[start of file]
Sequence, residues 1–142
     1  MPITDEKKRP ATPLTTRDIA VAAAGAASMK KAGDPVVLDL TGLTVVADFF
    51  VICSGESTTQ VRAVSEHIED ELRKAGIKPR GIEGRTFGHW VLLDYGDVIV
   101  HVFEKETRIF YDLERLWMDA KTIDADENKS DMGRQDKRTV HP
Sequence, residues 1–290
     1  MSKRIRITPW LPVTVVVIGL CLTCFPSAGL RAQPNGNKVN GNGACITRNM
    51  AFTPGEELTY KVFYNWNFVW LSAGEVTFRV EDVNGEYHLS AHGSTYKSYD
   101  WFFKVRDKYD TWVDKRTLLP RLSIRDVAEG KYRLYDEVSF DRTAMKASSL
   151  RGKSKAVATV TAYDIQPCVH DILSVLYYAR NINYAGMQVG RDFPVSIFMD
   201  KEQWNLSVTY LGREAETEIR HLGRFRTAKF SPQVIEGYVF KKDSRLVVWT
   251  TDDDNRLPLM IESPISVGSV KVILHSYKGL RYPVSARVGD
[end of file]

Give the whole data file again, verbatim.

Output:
Sequence, residues 1–142
     1  MPITDEKKRP ATPLTTRDIA VAAAGAASMK KAGDPVVLDL TGLTVVADFF
    51  VICSGESTTQ VRAVSEHIED ELRKAGIKPR GIEGRTFGHW VLLDYGDVIV
   101  HVFEKETRIF YDLERLWMDA KTIDADENKS DMGRQDKRTV HP
Sequence, residues 1–290
     1  MSKRIRITPW LPVTVVVIGL CLTCFPSAGL RAQPNGNKVN GNGACITRNM
    51  AFTPGEELTY KVFYNWNFVW LSAGEVTFRV EDVNGEYHLS AHGSTYKSYD
   101  WFFKVRDKYD TWVDKRTLLP RLSIRDVAEG KYRLYDEVSF DRTAMKASSL
   151  RGKSKAVATV TAYDIQPCVH DILSVLYYAR NINYAGMQVG RDFPVSIFMD
   201  KEQWNLSVTY LGREAETEIR HLGRFRTAKF SPQVIEGYVF KKDSRLVVWT
   251  TDDDNRLPLM IESPISVGSV KVILHSYKGL RYPVSARVGD